Florence R. Sabin, M.D. (1871-1953)

Part Two — 1944-1946

Late in 1944, Governor John Vivian appointed Florence R. Sabin, MD, a 74-year-old native of Central City, to chair the Subcommittee on Health of the Colorado Post-War Planning Committee.

Florence Sabin in 1938 Dr. Sabin did what any research scientist would do — she said she needed the facts.

She persuaded Governor Vivian to get the Commonwealth Fund to pay for the American Public Health Association (APHA) to survey Coloradans' health. The APHA sent Dr. Carl E. Buck to do the study, which was published in 1946.

In 1946, Dr. Carl E. Buck published Colorado Public Health Needs and How to Meet Them. A Report of a Study Made by the American Public Health Association, November, 1945 – March 1946 — the unexpectedly disturbing report that had been commissioned by Governor John Vivian. Dr. Buck made it clear that Colorado's public health was considerably worse than that of other states.

Florence Sabin, MD — chair of the Colorado Post-War Planning Committee's subcommittee on health — had asked Governor Vivian for this study back in 1944.

A 1969 Colorado Department of Health booklet:

"Buck estimated that 8,245 deaths from preventable and controllable causes in the period 1940-1944 could have been prevented had existing knowledge concerning preventive medicine and health protection been universally applied throughout Colorado. Those 8,245 persons who died needlessly in the five-year period represented almost three times the 2,699 Coloradoans who had died or were missing in World War II."
Dr. Carl Buck thought that he knew the source of the problem:
"Unless public health can be freed from politics by establishing a real State Department of Public Health and by completely reorganizing the State Civil Service System, there is little hope of improving Colorado's none-too-enviable health record.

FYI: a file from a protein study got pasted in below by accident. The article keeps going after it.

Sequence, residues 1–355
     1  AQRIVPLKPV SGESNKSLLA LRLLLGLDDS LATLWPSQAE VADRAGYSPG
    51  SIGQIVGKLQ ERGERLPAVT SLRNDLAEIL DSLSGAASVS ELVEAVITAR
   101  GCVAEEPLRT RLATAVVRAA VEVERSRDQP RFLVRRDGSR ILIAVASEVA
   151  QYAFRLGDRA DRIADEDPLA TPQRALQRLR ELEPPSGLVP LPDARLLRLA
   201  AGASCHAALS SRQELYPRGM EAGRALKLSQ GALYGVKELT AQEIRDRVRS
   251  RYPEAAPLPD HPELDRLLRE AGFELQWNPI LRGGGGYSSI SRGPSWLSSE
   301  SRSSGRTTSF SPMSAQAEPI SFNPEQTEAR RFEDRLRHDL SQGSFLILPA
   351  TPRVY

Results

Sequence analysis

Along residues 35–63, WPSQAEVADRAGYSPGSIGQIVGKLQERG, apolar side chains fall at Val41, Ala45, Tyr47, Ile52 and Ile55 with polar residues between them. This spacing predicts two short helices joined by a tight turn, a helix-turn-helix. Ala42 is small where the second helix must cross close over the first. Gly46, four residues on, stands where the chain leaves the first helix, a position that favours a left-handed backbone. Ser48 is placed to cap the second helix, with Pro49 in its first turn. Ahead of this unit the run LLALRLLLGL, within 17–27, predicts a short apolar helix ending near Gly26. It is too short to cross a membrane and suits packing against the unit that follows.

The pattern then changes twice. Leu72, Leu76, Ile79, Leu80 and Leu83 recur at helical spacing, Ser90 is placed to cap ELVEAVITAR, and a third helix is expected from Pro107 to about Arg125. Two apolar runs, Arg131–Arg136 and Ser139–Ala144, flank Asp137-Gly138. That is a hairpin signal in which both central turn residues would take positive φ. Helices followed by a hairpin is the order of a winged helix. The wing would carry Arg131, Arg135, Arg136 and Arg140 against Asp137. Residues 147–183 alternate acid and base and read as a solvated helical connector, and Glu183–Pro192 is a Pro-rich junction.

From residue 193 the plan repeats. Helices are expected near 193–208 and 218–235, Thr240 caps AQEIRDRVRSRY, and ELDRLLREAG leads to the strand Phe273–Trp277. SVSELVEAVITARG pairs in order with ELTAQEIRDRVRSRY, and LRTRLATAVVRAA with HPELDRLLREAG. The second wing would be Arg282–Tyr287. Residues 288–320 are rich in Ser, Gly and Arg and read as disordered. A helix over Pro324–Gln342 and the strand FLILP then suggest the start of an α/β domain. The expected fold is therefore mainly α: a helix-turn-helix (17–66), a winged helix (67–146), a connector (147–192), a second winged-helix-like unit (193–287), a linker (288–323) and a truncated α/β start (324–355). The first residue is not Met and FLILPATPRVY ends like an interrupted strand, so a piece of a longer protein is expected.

"Public health is altogether too important to the people of any state to have it so placed in the government as to be so completely susceptible to political machinations and maneuvering." He said that the Civil Service Commission was "a formidable barrier to the procurement of good people and a disgrace to the state."

Dr. Sabin Reforms Public Health in Colorado

That was all Dr. Sabin needed to know. On March 29, 1946, she invited 59 influential Coloradans to dinner at the Brown Palace and announced that of twenty major causes of death in the United States, Colorado exceeded the national average in thirteen of those causes, and that she intended to change that.

She had other dinner meetings with the Civil Service Commission, with Colorado's dairy products producers, with tuberculosis care professionals, and with sanitation engineers from around the state. Dr. Sabin paid her own expenses and traveled around Colorado talking to any group that would listen, no matter what the weather.

What Governor John Vivian thought about all this isn't clear, but he had been assured back in 1944 that he could appoint Florence Sabin to chair the health subcommittee without having to worry about her causing any trouble. When he appointed her, he was told that she was just a nice little 74-year-old lady who wore old-fashioned clothes and had spent her whole career in research laboratories back east.

Dr. Sabin had been a research scientist her whole adult life, but she was not uncomfortable outside the lab. She had lived in New York City from 1925 until 1938, and she enjoyed what the city had to offer, led an active social life, and had no problem communicating. Her appearance misled some at first, but now, at age 75, she was energetic and quite persuasive when she explained Colorado's public health needs to audiences around the state, and she urged them to lobby their state senators and representatives.

Florence Sabin, MD, may have been Colorado's finest scientist ever, but she was the state's most effective healthcare reformer so far — because she focused on the fact that special interests would try to derail reform. She personally made sure that what elected officials heard from the public, particularly from women, was loud and clear.

The resulting "Sabin Health Laws" thoroughly modernized Colorado's public health system.

Return to Top

Copyright © 2015 Thomas J. Sherlock
All Rights Reserved.